The Chairman of the Board of Directors of the Central Reserve Bank of Peru (BCRP), Julio Velarde, recently pointed out that public investment has been contracting for the last five months as a result of poor public management.
“Public investment, which has been growing since October 2020, has been falling in the last five months. That is to say, there are components, some that have nothing to do with uncertainty, but with management, with public management itself, ”he noted for a local newspaper.
How is public investment coming?
It is worth emphasizing that public investment during 2021 reached S/ 39,103 million, achieving a historical record, since it increased by 21% to 2018 (S/ 32,275 million), the year prior to COVID-19, with greater execution.
Compared to 2020, public investment obtained a nominal growth of 38.02% compared to what was registered in 2020 (S/ 28,330 million), in a year marked by the paralysis of economic activities with the arrival of the pandemic.
Even the Ministry of Economy and Finance (MEF) highlighted that more than 889 local governments and 11 regional governments transferred 75% of their budget execution, which in recent years “was particularly low.”
At the beginning of the year, the consultant of the General Directorate of Multiannual Investment Programming (DGPMI) of the MEF, David Grández, explained that the success achieved is largely due to the Government-to-Government Agreement (G2G), since with the Authority for the Reconstruction with Changes (ARCC) it was possible to execute S/ 1,992 million (79%), a figure greater than that of ministries with a similar budget, but that do not have these provisions.
Beware of alarmism
In this regard, the economist Armando Mendoza pointed out that Velarde’s statements should be taken with a grain of salt, given that his reading is not on the right path.
“There is no need to be alarmist. If (Velarde) compares January or February 2022 with that of 2021, one must be careful with what he declares because obviously in those months of last year the spending levels were brutal due to the pandemic. Pretending that this is maintained would be excessive, ”he pointed out to La República.
According to data from the MEF, public investment achieved an execution greater than S/ 1,725 million in February of this year, which meant a nominal decline of 19.64% compared to the same month of 2021. This scenario translates into a fall of second consecutive month, considering that in January it fell 18.79% (see infographic).
Mendoza lands the panorama and points out that this slump does not respond to a lack of transfer of resources, but to the constant instability of the political spectrum in the bowels of the central government, such as the constant political tension and questioned appointments in certain ministries.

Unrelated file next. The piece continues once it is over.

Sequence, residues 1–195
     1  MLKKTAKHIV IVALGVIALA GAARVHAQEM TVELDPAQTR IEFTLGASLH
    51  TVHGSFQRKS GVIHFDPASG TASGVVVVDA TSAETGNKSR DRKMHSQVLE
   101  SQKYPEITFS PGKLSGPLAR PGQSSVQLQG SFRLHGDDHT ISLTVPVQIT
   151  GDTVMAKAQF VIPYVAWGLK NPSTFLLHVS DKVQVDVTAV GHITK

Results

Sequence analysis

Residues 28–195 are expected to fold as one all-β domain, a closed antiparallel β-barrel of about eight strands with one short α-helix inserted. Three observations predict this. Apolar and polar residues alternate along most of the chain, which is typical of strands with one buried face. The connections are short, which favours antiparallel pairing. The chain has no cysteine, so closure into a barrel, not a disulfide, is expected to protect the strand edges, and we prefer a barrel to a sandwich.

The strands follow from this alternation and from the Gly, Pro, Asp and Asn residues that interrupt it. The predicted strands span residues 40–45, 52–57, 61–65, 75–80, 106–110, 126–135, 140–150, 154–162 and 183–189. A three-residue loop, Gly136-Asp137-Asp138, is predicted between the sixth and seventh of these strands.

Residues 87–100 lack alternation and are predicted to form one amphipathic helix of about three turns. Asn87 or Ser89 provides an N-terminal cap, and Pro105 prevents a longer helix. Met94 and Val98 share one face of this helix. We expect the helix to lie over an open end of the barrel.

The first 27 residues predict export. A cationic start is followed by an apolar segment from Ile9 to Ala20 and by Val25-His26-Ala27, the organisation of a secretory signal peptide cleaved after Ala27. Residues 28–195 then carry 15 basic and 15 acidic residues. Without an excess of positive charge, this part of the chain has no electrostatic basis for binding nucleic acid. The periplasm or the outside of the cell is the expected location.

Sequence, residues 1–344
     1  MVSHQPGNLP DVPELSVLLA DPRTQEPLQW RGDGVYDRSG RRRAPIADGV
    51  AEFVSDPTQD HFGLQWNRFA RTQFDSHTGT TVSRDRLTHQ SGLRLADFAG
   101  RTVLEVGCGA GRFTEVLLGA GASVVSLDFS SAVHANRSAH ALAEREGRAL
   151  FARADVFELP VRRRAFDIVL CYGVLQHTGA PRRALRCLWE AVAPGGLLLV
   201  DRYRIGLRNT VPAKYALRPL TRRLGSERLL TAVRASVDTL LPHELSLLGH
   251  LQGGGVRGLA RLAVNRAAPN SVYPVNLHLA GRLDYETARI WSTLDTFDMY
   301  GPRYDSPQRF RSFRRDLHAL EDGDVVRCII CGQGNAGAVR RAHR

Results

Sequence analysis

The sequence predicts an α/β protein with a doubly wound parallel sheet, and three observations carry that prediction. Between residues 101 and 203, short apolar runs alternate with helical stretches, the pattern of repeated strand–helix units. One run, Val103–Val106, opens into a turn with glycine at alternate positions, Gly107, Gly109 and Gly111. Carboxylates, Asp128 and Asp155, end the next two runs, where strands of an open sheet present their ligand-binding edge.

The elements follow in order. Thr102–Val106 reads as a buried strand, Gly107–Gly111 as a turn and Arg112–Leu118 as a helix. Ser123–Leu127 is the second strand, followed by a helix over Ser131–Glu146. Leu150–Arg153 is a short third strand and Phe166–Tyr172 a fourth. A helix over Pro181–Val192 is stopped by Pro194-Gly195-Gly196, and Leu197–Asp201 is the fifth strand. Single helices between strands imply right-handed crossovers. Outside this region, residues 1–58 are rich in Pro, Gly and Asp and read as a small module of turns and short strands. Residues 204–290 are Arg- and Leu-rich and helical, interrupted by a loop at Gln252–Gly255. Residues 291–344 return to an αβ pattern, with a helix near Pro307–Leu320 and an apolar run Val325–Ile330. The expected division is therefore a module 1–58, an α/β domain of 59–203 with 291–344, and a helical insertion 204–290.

“The trust that private agents should feel is always mentioned, but never the impact (of political crises) on State agents. If I am an official and my minister is constantly changing, with what confidence do I proceed with a project? We have a serious issue, not only comes from this government, but from before. We have been in a carousel in which everything was seen: presidents who resigned, vacancies and an alleged fraud that paralyzed the march at the beginning of this administration, ”he assured.
Pay attention to the role that the BCRP is fulfilling
Focus of Kurt Burneo, researcher at Centrum PUCP
With the contractionary policy developed by the BCRP, it practically kicks down consumption and investment, making credit more expensive.
The logic is financial to make local assets more competitive and prevent capital flight from being very intense, but its cost is that it makes the recovery of consumption and investment less viable.
The MEF reported a growth of 13% in 2021, but what it did not say is that the increase has been slowing down since the last quarter of 2021.
The first thing the government must do to promote public investment is to come to an agreement with the BCRP. Also, show a clear economic policy and prioritize non-primary sectors that are more interactive in employment.
There is no clear idea of what the Government’s economic policy proposal is, we do not know where we are going. We do not know which are the priority sectors for the Government in terms of reactivation.
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